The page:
Lionsgate sees a budding, but economical, film franchise in "Divergent," the studio's top brass assured investors on Friday.
An enthusiastic response to a presentation at Comic-Con coupled with an Entertainment Weekly cover anointing the adaptation of Veronica Roth's science-fiction novel the next hot young adult franchise, has the studio hoping it has another "Hunger Games" on its hands.
"The parallels are very, very strong and very, very similar," Lionsgate CEO Jon Feltheimer said during a call with analysts on Friday.
He noted that like "The Hunger Games," "Divergent" is based on a best-selling novel and will arrive with a broad base of fans. So far the book has sold four million copies.
However, Rob Friedman, co-chairman of Lionsgate Motion Picture Group, said it would be premature to predict that it will put up ticket sales on the order of the nearly $700 million worldwide that "The Hunger Games" grossed when it hit theaters in 2012.
"I don’t know if we’d ever want to put that burden on any film," he said.
Friedman and Feltheimer also noted that Lionsgate is more judicious in how it allocates its financial resources than other major studios. It budgeted "Divergent" as a "commercial" film, they said, but not as a "blockbuster." That's in marked contrast to the approach that's been on display at the multiplexes this summer, often with diminishing results.
Studios like Universal and Disney had their share of successes, but they also lavished $100 million-plus budgets on more dubious projects like "R.I.P.D." and "The Lone Ranger." Sony suffered two high-profile flops in the form of "White House Down," which cost $150 million to produce and brought in $125 million worldwide, and "After Earth," which has earned $244 million while costing $130 million.
Disney said this week that the failure of "The Lone Ranger" at the box office will force it to take a $160-$190 million write-down and Sony's lackluster performance resulted in a very public rebuke from its largest investor, Third Point's Daniel Loeb.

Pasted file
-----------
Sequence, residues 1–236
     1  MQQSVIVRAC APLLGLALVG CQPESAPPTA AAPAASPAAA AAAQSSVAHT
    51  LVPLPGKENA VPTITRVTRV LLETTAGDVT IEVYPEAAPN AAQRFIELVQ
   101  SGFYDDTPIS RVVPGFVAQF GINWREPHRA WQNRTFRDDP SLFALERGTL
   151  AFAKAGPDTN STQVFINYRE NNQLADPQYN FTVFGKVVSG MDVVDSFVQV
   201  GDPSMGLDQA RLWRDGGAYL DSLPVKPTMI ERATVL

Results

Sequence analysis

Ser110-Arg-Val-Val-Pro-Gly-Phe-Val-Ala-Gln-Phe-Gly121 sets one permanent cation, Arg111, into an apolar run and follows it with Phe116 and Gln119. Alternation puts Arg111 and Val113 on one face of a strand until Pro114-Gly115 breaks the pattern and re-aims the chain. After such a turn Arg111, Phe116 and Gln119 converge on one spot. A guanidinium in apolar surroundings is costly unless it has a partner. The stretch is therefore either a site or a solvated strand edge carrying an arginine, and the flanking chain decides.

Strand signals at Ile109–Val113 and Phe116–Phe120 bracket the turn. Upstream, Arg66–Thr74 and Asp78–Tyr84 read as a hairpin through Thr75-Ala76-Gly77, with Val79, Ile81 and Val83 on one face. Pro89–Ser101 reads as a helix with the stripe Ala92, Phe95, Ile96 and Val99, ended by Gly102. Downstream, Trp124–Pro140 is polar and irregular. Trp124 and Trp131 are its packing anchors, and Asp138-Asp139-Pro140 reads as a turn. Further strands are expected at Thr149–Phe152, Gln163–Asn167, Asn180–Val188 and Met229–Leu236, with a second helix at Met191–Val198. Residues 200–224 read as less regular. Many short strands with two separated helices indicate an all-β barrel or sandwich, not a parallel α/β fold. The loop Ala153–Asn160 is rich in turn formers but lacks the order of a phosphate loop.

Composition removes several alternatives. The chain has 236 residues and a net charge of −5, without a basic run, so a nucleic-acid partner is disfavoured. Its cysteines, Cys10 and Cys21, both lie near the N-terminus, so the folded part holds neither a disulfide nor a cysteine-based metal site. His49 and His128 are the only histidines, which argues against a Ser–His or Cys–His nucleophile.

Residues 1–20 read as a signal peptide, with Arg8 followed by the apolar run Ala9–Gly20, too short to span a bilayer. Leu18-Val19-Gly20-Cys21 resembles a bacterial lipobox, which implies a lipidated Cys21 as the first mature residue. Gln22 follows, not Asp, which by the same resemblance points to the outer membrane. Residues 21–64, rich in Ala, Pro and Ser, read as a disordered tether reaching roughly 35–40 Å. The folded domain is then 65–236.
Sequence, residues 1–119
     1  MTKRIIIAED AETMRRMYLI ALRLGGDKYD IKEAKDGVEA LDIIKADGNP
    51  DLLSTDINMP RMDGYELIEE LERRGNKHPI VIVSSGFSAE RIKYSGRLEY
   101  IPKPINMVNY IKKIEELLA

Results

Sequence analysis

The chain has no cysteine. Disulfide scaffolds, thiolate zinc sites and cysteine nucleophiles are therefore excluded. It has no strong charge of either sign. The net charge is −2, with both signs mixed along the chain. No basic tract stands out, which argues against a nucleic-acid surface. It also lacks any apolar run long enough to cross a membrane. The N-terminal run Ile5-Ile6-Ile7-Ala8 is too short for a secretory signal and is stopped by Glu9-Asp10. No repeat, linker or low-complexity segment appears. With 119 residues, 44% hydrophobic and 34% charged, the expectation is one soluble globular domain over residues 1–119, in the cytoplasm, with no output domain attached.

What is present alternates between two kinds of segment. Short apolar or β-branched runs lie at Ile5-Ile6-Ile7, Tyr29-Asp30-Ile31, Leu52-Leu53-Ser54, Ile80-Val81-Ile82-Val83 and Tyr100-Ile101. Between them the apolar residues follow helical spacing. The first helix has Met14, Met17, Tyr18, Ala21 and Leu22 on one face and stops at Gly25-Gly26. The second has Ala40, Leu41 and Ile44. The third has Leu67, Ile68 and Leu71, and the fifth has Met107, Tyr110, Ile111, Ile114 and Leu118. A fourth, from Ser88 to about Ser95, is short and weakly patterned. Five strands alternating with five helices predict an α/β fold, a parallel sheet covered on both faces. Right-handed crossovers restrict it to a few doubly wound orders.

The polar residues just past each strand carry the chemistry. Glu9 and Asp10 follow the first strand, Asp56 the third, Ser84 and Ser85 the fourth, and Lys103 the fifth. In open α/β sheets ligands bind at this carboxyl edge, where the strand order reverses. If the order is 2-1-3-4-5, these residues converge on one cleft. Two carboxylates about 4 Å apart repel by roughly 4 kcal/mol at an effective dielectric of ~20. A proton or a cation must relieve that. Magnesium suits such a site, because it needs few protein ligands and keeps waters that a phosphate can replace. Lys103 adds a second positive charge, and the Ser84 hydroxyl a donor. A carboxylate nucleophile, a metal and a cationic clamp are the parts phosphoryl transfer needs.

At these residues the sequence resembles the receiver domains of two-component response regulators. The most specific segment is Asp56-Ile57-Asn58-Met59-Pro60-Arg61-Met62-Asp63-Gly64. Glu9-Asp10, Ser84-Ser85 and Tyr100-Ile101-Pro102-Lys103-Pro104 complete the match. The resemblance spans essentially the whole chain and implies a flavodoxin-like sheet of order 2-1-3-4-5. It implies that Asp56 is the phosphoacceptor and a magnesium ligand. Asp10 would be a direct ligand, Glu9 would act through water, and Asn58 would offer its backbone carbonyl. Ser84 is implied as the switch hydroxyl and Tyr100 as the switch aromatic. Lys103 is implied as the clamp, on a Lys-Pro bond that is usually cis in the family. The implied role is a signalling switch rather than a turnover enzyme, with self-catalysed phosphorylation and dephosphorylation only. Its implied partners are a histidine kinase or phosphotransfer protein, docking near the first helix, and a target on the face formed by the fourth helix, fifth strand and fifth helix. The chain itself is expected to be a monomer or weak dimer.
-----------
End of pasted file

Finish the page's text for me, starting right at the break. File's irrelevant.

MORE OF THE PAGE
In the Wall Street Journal on Friday, former Variety editor Peter Bart issued a wake-up call to the industry, writing, "The losses have been daunting to the major studios whose strategy is built around the premise that bigger is better. It's also disappointing to moviegoers, who show strong signs of superhero fatigue."
In contrast, Lionsgate has been more cautious about entering into the crowded summer tentpole season, releasing films like "Now You See Me" and "Kevin Hart: Let Me Explain" as counter-programming and receiving a strong box office response. Not everything works. "Red 2," which the company fielded, will be profitable it said, but it failed to generate much excitement from audiences. Don't hold out much hope for a part 3.
It's also been expert at taking on partners and pre-selling foreign rights as a way to mitigate risk. That limits it's upside if a movie scores, but if, for example, its upcoming science fiction film "Ender's Game" leaves moviegoers cold, the company's 25 percent equity stake means a failure would not bring it to its knees.
"We intend to spend less money to release every picture than a traditional major studio," Feltheimer told analysts.
That formula excites investors. After its quarterly earnings trumped Wall Street's projections on Thursday, shares in Lionsgate jumped 3.6 percent to an all-time high of $35.47.
Fortune favors the cautious?